Take it EASY

an excerpt

Chapter One

Edward Albert Stanton Young, better known as Easy to family, friends, and colleagues in the trucking world, heaved a deep sigh as the truck shuddered, belched, and finally settled. The cheerful sign over the door of the truck stop glowed brightly in the rain-clean night. Easy could see "Mama Sasy's" reflected in his windshield and, directly in front of him, a double rainbow. He grinned at the thought. When his mother had been searching for a neon logo for her truck stop sign, she'd seen and loved the pretty rainbow design and had quickly chosen it. She'd had no idea back then that it had any other connotation, especially not one in the gay world. That was what started it all.

Easy gathered his log book and keys before swinging out and down, heading in to see Mama. It was eleven-thirty, but he had no doubt that she'd be awake and working this late. They argued about it often, but he got nowhere with her. You couldn't tell Sally Ann Stanton Young what to do. Lord, how he loved the stubborn woman!

He stretched long and hard, and had started toward the door when he heard something over by the side of the building. Easy stopped and glanced over, his eyes checking out the area carefully. He saw nothing and decided it must be a stray cat or dog bumping into something. God knew this was a place for strays. Strays and gays, he thought. He harrumphed and shook his head. Poetic tonight? Made a rhyme, gimme a dime?

When he got to the door, he peered in and saw Mama behind the counter, pouring coffee and laughing with one of the regulars. He reached to open the door and thought he heard something again. Ah, but Mama had seen him, and Easy soon forgot the strange sound in favor of the welcome-home sounds ahead.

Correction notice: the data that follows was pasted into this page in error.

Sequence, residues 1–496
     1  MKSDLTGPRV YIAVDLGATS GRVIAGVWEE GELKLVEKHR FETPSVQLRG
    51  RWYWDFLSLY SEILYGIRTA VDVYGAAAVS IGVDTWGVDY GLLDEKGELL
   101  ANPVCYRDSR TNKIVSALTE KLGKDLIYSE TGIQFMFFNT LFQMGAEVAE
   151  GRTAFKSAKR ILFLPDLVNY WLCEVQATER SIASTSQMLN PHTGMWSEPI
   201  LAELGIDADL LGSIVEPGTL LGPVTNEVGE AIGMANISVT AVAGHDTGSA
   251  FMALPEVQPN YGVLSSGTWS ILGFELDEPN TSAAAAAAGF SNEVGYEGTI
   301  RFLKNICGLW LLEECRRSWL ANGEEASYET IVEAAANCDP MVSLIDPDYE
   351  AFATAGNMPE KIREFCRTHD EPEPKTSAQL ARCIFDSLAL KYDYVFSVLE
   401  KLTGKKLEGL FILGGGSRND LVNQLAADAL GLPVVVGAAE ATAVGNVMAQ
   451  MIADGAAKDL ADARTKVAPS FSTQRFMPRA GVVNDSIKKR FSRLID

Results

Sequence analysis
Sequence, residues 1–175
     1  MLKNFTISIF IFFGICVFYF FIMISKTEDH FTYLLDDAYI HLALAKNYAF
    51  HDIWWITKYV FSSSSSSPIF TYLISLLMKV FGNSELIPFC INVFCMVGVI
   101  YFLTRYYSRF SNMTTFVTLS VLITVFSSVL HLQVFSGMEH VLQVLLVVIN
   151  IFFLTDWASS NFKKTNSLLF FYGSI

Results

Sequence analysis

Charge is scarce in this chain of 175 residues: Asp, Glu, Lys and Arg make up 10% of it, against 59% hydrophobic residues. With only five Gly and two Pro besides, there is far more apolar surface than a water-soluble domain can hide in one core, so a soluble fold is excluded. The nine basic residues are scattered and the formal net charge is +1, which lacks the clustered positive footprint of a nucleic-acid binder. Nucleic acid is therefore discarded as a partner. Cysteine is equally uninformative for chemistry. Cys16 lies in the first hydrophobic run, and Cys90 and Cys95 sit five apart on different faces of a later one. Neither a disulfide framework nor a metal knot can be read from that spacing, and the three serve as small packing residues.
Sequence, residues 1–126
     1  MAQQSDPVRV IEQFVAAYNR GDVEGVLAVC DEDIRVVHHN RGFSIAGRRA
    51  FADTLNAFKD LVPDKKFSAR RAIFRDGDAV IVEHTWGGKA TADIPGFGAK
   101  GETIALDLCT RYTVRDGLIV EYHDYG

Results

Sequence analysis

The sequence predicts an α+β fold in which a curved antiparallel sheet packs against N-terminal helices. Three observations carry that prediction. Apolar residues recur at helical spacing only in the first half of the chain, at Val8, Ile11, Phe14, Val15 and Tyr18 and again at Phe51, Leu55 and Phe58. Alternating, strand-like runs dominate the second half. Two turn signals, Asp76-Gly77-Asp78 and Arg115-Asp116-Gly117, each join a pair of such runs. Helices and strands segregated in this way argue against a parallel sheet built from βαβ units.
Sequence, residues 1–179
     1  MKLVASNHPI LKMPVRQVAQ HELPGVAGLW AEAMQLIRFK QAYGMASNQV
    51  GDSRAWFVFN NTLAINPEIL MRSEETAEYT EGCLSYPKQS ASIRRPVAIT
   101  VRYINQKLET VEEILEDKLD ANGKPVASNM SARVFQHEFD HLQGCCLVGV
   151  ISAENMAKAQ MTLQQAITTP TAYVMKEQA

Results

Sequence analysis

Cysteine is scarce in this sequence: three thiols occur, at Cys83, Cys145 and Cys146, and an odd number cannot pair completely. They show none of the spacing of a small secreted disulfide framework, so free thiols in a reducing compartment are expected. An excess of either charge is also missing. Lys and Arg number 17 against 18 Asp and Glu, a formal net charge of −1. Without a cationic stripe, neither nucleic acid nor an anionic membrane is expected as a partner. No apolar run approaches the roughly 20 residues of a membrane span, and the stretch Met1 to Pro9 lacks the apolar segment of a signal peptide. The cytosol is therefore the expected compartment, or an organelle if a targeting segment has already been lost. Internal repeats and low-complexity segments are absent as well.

Easy was a big, big man. Really big. It was often remarked upon that there was no way he was Sally Ann's kid. She was a tiny, tiny woman. But it was true. She had birthed him, painfully, evidently, as he'd come in at nine pounds ten ounces and twenty-three inches long. He'd been big all his life. Bless her heart, he thought, as she headed for him. Little she might be, but she could hug like a defensive end grabbing the quarterback.

Easy grunted as she squeezed him, hard. He had to be gentle as he held her to him and laughed down at her.

"Hey, Mama, take it easy. It's been four days, not four months since I was here."

"So? I'm just as glad to see you, baby."

He blushed as the guys at the counter laughed. She knew better. In retaliation, he picked her up and carried her over to a stool at the end of the counter. Setting her down carefully, he smiled as she sputtered up at him.

"You stop that, young man. I've told you about totin' me around like a sack of potatoes."

"Sit and rest a little, Mama. Want me to get you some coffee, a piece of pie?" Easy asked, bending to kiss her right on the nose before heading behind the counter, which was as much home to him as it was to her.

"No, sir, you sit right down and let me get you something to eat. You've probably been driving all day."

"And you've been working on your feet all day. I need to stand, and you need to sit, so, there." Easy turned to the open space in the wall behind him and yelled for the man he knew would be there.

"Hey, Boddy! You got anything good to eat back there?"

Several loud noises followed the question, including a few rather eloquent curses. Pans were banging and doors were slamming, and then the tallest, skinniest man Easy had ever seen bent to peer through the opening. Easy didn't even remember Boddy's real name. Boddy had accepted the name when Easy was a kid, and it had stuck.

Boddy's long arm swept through the opening, and Easy stepped back just in time to miss getting whapped. He laughed before stepping up and putting his arm through to shake the man's hand.